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The promise and perils of replacing your hard drive with Dropbox

Jared Newman | July 15, 2013
Dropbox CEO Drew Houston talked a big game this week when he announced new ways for apps to save and load user data.

For that matter, what happens when other services like Google Drive follow in Dropbox's footsteps, and users have to choose between four or five cloud storage options just to use an app? Between dealing with storage limits and juggling multiple services, suddenly cloud storage requires a lot more brainpower.

Solvable dilemmas
"The potential for further headaches is obvious," said Josh Matthews, CEO of Apkudo, a firm that helps developers optimize their apps for Android devices. "But I think that there are really smart things that Dropbox can do to mitigate those headaches."

Android, for example, could offer deeper integration with cloud storage services, Matthews said, so users wouldn't have to sign into their accounts every time they install a new app.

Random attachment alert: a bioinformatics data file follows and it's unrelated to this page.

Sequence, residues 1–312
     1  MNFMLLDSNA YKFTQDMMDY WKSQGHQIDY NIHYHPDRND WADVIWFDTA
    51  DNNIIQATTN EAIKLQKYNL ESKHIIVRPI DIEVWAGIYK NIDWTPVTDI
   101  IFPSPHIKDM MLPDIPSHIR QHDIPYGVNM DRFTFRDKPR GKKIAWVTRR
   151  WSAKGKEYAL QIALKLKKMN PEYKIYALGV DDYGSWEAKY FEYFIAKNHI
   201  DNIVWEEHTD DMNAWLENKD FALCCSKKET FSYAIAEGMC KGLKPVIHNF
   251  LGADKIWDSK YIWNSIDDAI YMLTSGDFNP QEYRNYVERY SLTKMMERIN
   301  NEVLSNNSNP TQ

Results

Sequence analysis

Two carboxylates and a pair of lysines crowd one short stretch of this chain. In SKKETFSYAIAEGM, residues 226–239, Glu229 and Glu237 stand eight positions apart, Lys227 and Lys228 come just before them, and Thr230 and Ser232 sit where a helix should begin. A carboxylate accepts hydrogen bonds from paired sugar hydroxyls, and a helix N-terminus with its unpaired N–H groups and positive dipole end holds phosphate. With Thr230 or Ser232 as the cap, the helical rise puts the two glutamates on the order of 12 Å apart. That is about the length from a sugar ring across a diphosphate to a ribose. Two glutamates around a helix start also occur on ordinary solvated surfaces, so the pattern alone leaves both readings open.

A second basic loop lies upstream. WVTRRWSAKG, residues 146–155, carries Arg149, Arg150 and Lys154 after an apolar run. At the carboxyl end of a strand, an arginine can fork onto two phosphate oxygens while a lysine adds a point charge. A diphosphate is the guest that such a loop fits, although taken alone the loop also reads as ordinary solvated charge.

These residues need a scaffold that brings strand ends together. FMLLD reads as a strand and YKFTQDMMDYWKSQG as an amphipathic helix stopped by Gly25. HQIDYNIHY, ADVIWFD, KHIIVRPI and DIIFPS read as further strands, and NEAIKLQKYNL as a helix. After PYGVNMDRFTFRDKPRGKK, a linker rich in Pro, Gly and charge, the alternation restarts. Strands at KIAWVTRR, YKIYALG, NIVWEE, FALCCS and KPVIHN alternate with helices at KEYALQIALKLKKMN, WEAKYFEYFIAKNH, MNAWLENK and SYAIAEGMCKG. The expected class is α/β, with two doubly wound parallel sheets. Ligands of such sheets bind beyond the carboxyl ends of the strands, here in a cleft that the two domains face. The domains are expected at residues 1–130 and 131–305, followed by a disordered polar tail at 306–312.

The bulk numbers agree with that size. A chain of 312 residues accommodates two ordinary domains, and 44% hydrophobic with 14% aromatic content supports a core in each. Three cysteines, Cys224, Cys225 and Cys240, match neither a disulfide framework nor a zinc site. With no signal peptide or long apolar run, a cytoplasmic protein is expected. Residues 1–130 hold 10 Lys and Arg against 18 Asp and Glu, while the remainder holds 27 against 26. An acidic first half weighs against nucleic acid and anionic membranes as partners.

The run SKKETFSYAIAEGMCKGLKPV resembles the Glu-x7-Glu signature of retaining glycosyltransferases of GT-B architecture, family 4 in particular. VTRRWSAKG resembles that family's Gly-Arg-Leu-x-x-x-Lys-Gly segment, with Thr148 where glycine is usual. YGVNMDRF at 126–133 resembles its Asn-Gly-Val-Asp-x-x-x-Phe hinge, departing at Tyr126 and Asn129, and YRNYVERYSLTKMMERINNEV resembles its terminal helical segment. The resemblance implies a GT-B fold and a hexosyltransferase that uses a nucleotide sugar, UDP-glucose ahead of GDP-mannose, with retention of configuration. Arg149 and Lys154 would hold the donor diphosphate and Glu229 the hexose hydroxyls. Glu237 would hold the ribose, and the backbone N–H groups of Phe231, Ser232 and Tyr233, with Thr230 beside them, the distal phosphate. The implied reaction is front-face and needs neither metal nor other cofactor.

Matthews also sees a bigger opportunity for companies like Otixo and Jolicloud, which offer a central hub for users to manage their cloud storage. That kind of service could become more useful as people begin juggling files between multiple storage services. To limit data consumption, Dropbox could provide a way for users to control which types of files get uploaded, and when, Matthews said.

Still, none of these solutions sound completely headache-free. We'll still have to decide where our files go, how often to upload them, and when to shift them elsewhere. And Matthews admitted that paying for cloud storage now seems like an inevitability. "We're swiftly heading towards a world where users paying for cloud storage is going to be as common as users paying for a phone bill. The interesting part is what happens along the way," he said.

That's not to say the hard drive isn't becoming more problematic these days. We are increasingly living in a world where juggling multiple devices--phones, tablets, PCs and even TV set-top boxes--is the norm. Relying solely on local storage isn't the answer, especially when we're using the same apps across multiple platforms.

But like every other overblown claim about the death of something in technology, Dropbox is not poised to replace the hard drive outright. Instead, it will augment local storage, making it easier to move between devices. We may become more reliant on Dropbox than ever, but rather than abandon our hard drives, we must instead consider, literally and figuratively, how much we're willing to pay for the privilege.


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